As 2015 draws to a close, here’s a look back at some of the Street Fight stories that captured your interest this year.
The local technology space saw plenty of M&A activity in 2015 and remains poised for another busy year in 2016. Rampant expansion of certain areas such as on-demand services and delivery apps makes further consolidation likely. The startup scene saw its share of healthy — if not billion-dollar — exits as well. Here’s a recap of the five of the biggest exits in the local tech industry in 2015.
Local digital marketing firm ReachLocal has been engaged in a lengthy turnaround effort. It announced last week that it was exiting direct sales in the U.K. and focusing on markets with “potential for positive, sustainable economics.” The announcement indicates ReachLocal is still focused on cutting things that aren’t working rather than regaining growth momentum.
With a high percentage of retail consumer spending occurring in the last six weeks of the year, the fourth quarter is a good time to take the temperature of business owners. Recent surveys from Thumbtack and Yelp indicate an overall positive outlook heading into 2016.
During the holiday season, we focus so much attention on when people buy, how much they spend, and whether it got there on time that we tend to overlook what happens once gifts are purchased. An equal test for retailers — both online and brick-and-click — will be making returns as easy as the purchase itself.
Marketers face a number of big challenges today. One is pinpointing their audiences as they move from device to device — and then from platform to platform on those different devices. Another is making sense all of the data consumers generate in the scores of micro-interactions they have every day across the devices and platforms they use. A third is online-to-offline attribution. The partnership with IRI that PlaceIQ announced today is a step toward tackling these hurdles.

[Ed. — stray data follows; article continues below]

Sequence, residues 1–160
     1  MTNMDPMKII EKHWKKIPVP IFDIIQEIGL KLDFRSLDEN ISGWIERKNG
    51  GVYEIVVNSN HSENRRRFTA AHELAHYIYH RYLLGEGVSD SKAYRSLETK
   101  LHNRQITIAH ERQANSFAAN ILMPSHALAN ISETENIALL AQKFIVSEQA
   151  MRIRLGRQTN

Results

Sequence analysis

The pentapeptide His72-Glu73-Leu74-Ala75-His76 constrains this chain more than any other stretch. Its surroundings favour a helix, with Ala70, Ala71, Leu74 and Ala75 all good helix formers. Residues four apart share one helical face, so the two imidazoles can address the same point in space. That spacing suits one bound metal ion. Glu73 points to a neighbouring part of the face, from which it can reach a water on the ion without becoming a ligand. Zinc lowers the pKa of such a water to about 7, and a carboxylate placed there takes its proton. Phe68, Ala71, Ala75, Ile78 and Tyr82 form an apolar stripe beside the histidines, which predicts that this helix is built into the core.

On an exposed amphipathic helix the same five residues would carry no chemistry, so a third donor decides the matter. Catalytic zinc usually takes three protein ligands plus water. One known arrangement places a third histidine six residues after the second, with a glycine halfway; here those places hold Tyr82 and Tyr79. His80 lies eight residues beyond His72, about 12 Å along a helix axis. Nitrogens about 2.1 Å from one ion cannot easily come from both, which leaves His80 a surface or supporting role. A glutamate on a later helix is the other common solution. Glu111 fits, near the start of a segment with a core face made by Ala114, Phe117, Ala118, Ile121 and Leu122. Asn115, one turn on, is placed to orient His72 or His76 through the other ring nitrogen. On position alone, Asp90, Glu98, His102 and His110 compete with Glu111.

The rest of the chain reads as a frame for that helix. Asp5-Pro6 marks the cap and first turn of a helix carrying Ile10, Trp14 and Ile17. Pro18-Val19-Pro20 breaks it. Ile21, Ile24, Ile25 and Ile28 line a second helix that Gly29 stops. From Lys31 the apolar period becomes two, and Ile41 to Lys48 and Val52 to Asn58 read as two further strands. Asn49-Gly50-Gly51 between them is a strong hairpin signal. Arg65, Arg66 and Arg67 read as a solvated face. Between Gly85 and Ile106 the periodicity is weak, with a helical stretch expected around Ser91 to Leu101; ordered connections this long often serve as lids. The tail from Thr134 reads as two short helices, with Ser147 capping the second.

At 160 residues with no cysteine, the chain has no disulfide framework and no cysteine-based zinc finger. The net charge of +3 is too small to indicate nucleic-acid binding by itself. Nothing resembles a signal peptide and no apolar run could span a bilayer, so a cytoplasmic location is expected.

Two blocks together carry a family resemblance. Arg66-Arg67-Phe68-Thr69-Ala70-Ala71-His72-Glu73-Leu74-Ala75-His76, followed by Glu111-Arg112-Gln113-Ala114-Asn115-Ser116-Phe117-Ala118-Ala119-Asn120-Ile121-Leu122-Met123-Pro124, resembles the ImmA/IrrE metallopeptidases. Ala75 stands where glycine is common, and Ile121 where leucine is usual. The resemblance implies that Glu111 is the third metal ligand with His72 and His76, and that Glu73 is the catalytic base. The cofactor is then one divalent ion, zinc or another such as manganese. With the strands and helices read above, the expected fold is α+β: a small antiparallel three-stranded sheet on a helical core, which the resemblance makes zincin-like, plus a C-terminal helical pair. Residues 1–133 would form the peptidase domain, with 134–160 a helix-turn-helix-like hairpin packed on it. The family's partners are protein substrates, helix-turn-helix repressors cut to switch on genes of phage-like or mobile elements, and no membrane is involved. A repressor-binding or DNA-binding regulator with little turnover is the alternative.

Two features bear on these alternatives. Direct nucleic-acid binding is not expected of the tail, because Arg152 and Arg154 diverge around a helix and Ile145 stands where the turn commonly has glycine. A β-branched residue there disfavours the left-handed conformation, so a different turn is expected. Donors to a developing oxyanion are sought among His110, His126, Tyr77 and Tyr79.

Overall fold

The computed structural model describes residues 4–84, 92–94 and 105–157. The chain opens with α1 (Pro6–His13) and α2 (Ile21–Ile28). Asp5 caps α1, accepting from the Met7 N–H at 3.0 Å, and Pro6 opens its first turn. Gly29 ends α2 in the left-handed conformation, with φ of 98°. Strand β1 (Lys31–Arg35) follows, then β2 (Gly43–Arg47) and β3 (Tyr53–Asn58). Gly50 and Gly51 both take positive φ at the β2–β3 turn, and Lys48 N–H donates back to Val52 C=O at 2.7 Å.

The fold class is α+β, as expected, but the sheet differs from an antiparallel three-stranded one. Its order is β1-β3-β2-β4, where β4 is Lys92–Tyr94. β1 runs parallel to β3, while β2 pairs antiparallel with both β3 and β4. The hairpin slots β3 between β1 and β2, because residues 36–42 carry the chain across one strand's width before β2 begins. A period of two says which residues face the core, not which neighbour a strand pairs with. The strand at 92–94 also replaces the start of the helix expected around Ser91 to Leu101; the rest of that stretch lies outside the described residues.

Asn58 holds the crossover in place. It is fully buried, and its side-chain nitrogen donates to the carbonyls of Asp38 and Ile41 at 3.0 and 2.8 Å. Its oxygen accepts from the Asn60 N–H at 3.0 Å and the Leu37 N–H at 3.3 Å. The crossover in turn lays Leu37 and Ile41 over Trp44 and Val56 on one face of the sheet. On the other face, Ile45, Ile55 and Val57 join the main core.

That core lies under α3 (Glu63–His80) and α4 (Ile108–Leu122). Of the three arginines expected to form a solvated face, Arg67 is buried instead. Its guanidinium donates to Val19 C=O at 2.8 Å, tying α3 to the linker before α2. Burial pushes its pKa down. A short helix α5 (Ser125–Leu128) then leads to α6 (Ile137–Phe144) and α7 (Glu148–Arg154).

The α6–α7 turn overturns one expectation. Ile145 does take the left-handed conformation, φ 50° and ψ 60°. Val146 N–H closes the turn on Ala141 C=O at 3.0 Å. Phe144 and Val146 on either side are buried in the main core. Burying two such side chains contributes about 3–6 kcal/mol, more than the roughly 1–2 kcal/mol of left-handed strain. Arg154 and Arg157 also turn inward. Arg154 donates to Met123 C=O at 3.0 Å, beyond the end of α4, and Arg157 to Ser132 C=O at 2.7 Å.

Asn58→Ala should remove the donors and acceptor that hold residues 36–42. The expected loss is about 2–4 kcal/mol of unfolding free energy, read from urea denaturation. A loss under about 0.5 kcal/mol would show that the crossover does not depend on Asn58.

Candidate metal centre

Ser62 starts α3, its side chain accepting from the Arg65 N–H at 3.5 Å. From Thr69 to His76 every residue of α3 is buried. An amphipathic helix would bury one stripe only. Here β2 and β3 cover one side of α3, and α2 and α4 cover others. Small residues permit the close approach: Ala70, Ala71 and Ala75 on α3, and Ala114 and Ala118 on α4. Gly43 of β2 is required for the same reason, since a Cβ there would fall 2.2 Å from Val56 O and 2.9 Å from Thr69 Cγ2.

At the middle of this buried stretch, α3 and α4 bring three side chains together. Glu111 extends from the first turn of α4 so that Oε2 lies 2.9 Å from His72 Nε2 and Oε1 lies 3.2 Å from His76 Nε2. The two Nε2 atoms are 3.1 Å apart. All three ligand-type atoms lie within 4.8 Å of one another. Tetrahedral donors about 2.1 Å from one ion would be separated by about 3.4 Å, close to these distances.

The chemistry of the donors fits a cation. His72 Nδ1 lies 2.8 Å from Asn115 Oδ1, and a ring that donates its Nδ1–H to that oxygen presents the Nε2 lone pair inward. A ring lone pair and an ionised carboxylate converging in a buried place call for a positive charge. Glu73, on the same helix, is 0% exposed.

The worlds of on-demand and deep-linking took another step closer when ride-sharing giant Uber announced a new mechanism for app developers to incorporate a button for users to request an Uber driver. Expect to see more of this kind of app integration among on-demand services, giving the market leaders greater scale and distribution.
Cyber Monday was one for the record books. U.S. shoppers spent nearly $3 billion through digital channels, making it the single largest online sales day in history, according to Adobe, and continuing a string of firsts this holiday season. Mobile continued to display strong momentum from the holiday weekend in driving website traffic and sales.
If U.S. consumers proved reluctant to spend their Thanksgiving holiday in stores, they demonstrated few qualms about shopping online. Digital commerce was up significantly from 2014 levels. The momentum continued into Black Friday, which also saw brick-and-mortar spending reach its highest totals since 2012. The biggest winner over the holiday weekend was mobile: Its share of website traffic and online sales reached record highs.
The holiday season isn’t just a big time of year for retail spending; it’s also a big time of year for retail spending data. The stats indicate one common trend: Purchasing is going to be more omnichannel than ever. Here’s a rundown on some key data points for this holiday shopping season.